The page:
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Inside the travelling campervan that puts migrants in touch with loved ones

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Inside the travelling campervan that puts migrants in touch with loved ones
The campervan has seen moments of joy, hope and sadness. Photo: Alberto Pizzolo/AFP
09:02 CET+01:00
After an 11-month journey across desert and sea, Mohamed finally hears his mother's voice once more thanks to a Red Cross camper that travels across Italy to help migrants call home.

From the border crossing of Ventimiglia in the country's north to the southern island of Lampedusa, this white converted camper van has offered hundreds of freshly-arrived migrants a three minute call to their nearest and dearest.

Last stop was the capital Rome, where it pottered to a halt on Monday in front of a Red Cross tent camp which houses up to 200 people plucked from unseaworthy vessels in the Mediterranean before they are sent to reception centres.

Mohamed, a 27-year-old from Senegal, takes his place at one of the tables manned by volunteers laid out in the sunshine, as others from Bangladesh, Eritrea, Pakistan and West Africa crowd around, some unable to believe their luck.


Photo: Alberto Pizzoli/AFP

It can take time: numbers might not work, there may be network issues, or the phone rings off the hook. But often, a mother, brother or neighbour picks up on the other side of the world, and the distance drops away.

"I have not spoken to my mum for five months, I heard her voice and it was like a blow to the heart, a blow of madness. I'm happy," Mohamed tells AFP with a wide smile.

Tears, celebrations

He left home in April 2016, crossed the Sahara desert, was held hostage in Libya, before escaping and setting out to sea, where he was rescued by a Norwegian ship operating under the European border agency Frontex.

He was brought to Sicily on Sunday, and was driven to the capital overnight and given a bed at the Red Cross camp.

Mohamed used his three minutes - as the seconds tick down on a timer clock beside him - to thank his elder sister, who gave him the money for the journey.

He also urgently wants to warn his friends: "Never try what I did. I risked my life."


Photo: Alberto Pizzoli/AFP

It is not the first time the Red Cross volunteers have seen people warning loved ones. A few weeks ago in Pozzallo, Sicily, an Ivorian woman used the phone call to beg her mother to stop other young women leaving.

"Libya is hell," she sobbed according to the Red Cross, describing how she was raped by men holding her captive there.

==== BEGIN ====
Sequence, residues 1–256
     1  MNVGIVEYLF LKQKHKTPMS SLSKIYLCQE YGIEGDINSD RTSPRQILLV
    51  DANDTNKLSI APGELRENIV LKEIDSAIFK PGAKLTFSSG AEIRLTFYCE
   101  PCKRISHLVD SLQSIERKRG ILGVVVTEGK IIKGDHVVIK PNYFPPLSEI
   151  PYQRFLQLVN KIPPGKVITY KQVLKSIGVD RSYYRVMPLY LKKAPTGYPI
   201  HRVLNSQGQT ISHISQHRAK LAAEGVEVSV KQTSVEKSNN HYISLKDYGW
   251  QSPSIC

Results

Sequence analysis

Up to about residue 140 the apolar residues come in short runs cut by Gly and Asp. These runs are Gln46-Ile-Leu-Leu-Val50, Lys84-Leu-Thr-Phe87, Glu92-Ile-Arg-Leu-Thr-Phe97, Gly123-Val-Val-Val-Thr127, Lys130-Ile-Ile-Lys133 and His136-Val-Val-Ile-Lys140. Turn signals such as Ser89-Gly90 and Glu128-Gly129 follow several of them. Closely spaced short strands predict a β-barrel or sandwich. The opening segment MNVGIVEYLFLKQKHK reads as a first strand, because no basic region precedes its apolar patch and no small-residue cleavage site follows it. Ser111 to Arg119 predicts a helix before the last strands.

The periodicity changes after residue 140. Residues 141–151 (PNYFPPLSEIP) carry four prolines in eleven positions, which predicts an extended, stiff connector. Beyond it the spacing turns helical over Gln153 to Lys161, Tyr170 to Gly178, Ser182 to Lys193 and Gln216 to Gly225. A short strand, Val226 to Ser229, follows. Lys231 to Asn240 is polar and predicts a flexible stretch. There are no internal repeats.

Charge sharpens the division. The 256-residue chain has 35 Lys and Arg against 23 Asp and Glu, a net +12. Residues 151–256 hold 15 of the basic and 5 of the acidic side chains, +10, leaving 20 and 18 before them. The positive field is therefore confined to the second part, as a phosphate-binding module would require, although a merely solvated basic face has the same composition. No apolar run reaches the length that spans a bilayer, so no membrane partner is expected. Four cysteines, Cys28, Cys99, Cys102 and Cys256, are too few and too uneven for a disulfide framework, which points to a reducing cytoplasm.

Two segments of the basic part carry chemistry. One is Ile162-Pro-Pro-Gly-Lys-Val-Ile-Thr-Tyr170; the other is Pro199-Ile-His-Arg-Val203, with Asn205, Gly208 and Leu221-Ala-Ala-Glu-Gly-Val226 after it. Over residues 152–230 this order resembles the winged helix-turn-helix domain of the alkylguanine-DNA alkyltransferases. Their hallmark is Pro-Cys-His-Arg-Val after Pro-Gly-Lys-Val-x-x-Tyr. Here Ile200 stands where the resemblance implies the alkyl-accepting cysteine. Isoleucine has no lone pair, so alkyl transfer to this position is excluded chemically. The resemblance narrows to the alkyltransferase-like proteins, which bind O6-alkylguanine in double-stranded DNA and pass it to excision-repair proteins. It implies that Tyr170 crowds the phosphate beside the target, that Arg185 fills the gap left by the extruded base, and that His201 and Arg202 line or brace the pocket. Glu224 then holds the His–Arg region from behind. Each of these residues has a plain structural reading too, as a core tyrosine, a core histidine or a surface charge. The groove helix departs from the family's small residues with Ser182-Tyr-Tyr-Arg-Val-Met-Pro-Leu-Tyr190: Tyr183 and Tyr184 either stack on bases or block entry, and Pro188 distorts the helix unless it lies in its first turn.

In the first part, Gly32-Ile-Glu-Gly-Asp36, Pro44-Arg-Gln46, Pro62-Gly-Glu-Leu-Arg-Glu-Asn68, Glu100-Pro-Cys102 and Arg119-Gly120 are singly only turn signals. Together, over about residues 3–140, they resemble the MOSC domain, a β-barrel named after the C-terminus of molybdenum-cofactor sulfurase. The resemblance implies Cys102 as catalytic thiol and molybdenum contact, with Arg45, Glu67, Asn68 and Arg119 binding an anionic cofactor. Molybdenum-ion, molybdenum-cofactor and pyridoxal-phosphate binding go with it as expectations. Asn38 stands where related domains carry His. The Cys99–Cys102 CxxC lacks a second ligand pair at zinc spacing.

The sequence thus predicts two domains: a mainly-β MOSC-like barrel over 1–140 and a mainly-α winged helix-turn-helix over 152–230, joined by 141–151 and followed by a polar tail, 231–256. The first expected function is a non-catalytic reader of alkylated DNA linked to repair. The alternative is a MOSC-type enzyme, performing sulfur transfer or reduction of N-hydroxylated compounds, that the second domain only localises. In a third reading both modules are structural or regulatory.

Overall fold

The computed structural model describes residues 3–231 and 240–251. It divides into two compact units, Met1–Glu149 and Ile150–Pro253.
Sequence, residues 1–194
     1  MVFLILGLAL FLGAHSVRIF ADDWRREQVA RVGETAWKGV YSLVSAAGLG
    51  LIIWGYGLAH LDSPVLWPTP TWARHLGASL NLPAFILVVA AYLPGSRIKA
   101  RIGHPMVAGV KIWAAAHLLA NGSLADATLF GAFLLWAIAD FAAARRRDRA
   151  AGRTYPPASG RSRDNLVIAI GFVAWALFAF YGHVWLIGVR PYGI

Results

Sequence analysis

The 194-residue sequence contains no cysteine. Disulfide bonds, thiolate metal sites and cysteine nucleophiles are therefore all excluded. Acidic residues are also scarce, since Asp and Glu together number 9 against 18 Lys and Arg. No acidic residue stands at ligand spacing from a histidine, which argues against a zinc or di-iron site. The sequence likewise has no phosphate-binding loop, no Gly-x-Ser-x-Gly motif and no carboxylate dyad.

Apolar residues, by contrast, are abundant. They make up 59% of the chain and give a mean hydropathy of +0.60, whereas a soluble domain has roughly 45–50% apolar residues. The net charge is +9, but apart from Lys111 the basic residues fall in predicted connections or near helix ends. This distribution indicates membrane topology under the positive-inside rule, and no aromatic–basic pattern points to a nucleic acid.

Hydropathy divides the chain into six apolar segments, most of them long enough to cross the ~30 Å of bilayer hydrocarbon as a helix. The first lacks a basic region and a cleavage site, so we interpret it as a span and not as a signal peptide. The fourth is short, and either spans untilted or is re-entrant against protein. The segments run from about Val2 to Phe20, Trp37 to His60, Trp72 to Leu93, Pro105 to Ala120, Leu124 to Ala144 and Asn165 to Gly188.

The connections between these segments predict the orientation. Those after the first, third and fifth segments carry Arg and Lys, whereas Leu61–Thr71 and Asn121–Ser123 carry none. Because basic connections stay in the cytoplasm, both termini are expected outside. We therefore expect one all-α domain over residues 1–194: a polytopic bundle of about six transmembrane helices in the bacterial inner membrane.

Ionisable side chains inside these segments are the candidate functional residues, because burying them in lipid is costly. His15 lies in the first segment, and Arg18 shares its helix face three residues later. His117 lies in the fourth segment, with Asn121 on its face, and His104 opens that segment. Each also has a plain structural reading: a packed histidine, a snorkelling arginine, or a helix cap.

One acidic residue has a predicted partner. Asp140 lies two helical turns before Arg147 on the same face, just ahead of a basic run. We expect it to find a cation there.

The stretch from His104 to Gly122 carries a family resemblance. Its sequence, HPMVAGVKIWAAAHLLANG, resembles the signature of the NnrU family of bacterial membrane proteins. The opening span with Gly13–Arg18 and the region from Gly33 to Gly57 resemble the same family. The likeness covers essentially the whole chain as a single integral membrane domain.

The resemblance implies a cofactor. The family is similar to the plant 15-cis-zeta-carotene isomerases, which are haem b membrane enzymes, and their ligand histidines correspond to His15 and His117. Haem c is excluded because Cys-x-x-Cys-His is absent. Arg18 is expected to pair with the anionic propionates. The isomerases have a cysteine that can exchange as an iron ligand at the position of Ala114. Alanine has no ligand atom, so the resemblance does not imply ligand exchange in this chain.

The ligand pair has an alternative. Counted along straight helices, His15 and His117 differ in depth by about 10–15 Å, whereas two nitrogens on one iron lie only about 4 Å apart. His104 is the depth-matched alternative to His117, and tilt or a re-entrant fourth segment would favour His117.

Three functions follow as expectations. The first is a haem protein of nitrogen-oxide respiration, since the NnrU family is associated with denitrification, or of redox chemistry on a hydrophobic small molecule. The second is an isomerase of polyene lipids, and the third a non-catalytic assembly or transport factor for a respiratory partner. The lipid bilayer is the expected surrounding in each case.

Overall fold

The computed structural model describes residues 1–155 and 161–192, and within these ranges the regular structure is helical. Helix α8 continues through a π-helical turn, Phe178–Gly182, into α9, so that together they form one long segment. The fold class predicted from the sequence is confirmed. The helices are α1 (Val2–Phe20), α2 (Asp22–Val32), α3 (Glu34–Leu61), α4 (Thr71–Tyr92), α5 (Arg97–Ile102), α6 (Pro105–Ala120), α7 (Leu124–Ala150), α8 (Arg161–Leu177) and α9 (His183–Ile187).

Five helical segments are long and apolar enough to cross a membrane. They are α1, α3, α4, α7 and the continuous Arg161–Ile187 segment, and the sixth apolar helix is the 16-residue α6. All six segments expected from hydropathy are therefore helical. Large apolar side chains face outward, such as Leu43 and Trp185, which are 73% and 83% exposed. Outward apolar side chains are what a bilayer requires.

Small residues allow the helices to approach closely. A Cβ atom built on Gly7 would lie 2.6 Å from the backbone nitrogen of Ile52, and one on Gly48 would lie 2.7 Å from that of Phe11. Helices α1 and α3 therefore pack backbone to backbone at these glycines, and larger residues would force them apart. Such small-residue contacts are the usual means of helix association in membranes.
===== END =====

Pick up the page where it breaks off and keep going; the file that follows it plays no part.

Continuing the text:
"My head was there in the village, mother, it was only my body that was with those men," she was quoted as saying.

The calls can be difficult when migrants discover someone back home has died.

Others are moments of celebration, such as one in which a Malian man finally got through to his wife only to be told she had given birth to their baby boy.


Photo: Alberto Pizzoli/AFP

In either case the calls work wonders, says project manager Francesco Montrone, who since mid-January has overseen over 1,500 calls, 60 percent of which have been successful.

Mood changer

"The mood in the centres changes a lot once the migrants call home. They calm down, the atmosphere is more relaxed," Montrone said.

The project was launched a year ago in the Netherlands by the Vodafone Foundation which finances the camper and pays for the calls.

The unit, which has spent two months on loan to the Italian Red Cross, will now return to tour Dutch reception centres, but Montrone hopes it won't be thelast Italy sees of this mobile psychological lifeline.


Photo: Alberto Pizzoli/AFP

Reception centres are obliged to provide migrants with telephone cards, but those waiting to be transferred from first responder camps do not have this privilege, nor do those living in informal settlements at the borders.

A shy young Nigerian sits down at one of the tables, shivering in his threadbare clothes. The volunteer assigned to take care of him runs to get him a body warmer before helping him dial his father's number.

At the next table, a Pakistani who arrived last week reassures his brother he is well until an alarm clock sounds: the three minutes are up.

By Fanny Carrier

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